3 of 3 people found the following review helpful
This review is from: The Ancient British Goddess: Goddess Myths, Legends, Sacred Sites and Present Revelations (Paperback)
I have to say that this book certainly got my attention both for good and for bad reasons. As someone who studies British Prehistory and its archaeology, those who know me, know it does get my back up when people claim that `this' was exactly how rituals were done in the prehistoric era and `why' the monuments were built etc. Having said that the book does capture the imagination and rather than using the Wheel of the Year uses a British Medicine Wheel, fortunately not based too closely to the Native American one.
The author has used a lot of guess work and stated it as fact, particularly for things of which there can be no record. Yet ignoring this, she really does believe things to have been this way and it does give the book an endearing quality. It is refreshing to see a book that ignores Wicca and deals with the Goddess of the land in her many forms and away from the usual portrayals. The Goddess is discussed in her many different British guises and in ways not usually associated with the British Goddess, including being depicted as sows and cows. In this book, Brigit holds the white rod of power throughout Spring and Summer and Cailleach takes it over at Samhain and transforms it in a black rod for autumn and winter which is not a concept that I have come across before.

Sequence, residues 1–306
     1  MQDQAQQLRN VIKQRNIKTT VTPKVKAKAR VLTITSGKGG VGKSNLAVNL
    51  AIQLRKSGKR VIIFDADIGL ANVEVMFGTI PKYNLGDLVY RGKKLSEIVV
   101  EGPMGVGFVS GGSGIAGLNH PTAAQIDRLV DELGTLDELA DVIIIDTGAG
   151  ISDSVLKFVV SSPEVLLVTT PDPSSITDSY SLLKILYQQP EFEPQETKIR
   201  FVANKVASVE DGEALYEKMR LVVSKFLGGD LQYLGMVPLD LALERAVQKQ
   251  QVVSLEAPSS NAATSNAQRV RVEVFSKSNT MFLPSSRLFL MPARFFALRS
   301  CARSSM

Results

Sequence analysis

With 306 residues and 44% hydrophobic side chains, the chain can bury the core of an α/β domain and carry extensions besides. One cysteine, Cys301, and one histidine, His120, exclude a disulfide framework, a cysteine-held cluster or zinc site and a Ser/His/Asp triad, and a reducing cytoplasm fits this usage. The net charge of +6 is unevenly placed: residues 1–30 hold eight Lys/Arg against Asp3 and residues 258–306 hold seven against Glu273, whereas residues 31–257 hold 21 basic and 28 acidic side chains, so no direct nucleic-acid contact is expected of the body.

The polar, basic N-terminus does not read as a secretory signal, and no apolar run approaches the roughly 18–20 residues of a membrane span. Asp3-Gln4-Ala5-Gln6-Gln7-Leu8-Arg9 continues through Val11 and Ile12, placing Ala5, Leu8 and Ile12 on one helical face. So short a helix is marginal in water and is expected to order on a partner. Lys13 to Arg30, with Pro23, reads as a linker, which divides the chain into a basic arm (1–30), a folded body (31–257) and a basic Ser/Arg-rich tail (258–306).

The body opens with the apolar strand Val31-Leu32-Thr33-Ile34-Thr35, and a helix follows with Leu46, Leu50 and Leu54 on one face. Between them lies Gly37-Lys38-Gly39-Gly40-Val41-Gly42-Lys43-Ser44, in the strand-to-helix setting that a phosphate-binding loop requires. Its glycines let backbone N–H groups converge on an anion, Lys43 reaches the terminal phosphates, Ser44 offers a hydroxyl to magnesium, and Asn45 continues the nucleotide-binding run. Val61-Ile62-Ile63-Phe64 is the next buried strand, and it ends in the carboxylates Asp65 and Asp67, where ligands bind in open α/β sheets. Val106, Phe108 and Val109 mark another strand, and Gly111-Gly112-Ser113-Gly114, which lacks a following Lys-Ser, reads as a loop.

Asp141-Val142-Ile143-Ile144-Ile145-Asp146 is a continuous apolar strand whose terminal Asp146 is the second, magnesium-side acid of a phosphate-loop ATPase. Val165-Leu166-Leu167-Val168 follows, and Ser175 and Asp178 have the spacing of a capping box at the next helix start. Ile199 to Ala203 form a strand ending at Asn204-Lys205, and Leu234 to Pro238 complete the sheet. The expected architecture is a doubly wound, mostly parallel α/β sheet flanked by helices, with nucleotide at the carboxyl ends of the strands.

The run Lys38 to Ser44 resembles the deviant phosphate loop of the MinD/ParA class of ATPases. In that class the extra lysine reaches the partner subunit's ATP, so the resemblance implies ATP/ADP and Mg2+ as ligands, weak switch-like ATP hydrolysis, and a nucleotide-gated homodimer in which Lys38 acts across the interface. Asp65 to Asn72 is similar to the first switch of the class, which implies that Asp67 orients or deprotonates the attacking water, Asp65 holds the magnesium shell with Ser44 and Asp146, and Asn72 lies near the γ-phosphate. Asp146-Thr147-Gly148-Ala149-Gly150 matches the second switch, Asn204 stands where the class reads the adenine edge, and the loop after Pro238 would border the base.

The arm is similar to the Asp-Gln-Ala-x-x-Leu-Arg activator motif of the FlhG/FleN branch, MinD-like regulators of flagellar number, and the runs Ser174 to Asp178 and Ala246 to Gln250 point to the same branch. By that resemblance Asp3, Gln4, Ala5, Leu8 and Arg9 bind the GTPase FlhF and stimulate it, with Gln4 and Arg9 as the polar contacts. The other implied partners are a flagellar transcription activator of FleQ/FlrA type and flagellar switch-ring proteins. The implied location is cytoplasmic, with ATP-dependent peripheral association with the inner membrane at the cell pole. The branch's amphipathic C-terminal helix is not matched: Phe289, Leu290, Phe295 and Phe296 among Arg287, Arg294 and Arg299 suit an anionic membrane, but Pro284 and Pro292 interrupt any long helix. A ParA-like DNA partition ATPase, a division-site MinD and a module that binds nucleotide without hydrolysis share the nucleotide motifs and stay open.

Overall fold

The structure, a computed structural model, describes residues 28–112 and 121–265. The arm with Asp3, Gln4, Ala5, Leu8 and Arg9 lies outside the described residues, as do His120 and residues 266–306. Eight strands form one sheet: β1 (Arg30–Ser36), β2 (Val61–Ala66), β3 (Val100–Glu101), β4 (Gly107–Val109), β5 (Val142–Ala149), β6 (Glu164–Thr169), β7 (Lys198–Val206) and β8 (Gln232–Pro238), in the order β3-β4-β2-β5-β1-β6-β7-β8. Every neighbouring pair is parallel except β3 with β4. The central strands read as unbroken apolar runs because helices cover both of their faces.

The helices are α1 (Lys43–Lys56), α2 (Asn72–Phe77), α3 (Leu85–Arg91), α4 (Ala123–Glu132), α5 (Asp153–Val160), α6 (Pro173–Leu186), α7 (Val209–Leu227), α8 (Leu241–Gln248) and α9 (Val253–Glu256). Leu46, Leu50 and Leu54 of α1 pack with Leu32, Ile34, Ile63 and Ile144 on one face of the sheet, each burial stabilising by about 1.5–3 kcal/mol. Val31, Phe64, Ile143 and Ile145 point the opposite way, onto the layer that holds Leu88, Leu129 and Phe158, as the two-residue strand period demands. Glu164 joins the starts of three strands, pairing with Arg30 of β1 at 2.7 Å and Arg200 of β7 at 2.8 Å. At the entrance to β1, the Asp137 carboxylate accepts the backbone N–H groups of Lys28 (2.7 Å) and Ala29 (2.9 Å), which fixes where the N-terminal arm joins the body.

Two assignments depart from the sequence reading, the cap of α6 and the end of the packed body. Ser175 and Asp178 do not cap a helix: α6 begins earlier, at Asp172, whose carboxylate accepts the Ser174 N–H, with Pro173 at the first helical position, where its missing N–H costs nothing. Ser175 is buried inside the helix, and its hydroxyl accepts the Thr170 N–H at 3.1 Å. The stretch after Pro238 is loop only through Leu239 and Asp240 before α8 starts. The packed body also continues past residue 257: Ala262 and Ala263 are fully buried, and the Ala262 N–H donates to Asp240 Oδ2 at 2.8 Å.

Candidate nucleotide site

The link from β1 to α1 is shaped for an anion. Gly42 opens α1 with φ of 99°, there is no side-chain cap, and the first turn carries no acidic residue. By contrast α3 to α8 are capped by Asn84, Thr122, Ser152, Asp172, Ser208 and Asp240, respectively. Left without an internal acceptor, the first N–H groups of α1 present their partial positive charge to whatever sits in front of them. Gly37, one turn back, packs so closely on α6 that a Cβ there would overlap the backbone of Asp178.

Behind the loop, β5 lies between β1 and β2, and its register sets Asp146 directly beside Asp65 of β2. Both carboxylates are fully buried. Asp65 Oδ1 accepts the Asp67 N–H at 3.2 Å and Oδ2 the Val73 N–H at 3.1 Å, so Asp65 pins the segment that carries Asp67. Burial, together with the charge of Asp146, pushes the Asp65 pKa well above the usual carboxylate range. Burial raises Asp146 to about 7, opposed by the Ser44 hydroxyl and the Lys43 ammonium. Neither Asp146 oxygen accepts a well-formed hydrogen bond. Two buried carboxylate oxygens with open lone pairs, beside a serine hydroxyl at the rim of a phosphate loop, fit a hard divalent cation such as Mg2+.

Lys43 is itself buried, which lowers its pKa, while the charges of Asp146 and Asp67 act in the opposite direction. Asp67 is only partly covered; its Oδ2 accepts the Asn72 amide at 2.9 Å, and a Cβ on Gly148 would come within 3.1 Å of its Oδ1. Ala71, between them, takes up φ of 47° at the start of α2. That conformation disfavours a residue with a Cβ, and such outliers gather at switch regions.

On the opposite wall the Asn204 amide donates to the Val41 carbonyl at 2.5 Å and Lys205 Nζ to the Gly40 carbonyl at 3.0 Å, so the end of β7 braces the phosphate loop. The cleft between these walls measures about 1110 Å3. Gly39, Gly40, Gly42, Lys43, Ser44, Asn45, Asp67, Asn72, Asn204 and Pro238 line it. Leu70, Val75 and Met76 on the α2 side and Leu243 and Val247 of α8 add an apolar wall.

There are many photographs and unusual illustrations throughout the book. I was left not being totally sure what category this book falls into, and although the author does seem to have an obsession with the vulva of the Goddess being found everywhere in the landscape, it is not feministic, nor new age either. The author tries to capture the Goddess and her portrayal throughout prehistory, and how she is still found in the landscape today. Ignoring ritual interpretation for which there is no evidence at all, but was stated as fact anyway, this is still an interesting read and makes us think more about how our ancestors may have worshipped the Goddess in the past. It's also quite refreshing to find a book about the Goddess without any reference to Wicca and it does make you think about Goddess perception over millennia as well. Worth reading for a very different perception of Goddess worship.
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Initial post: 25 Jan 2011 12:22:44 GMT
I think you might like to read a very scholarly but exciting book, not often seen in this country, but a real addition to the subject; "The Festival of Brigit" by Seamus O'Cathain. If it's unavailable, you should be able to get it through a public library request. I'm a real fan. I have reviewed it though it's since become "unavailable".
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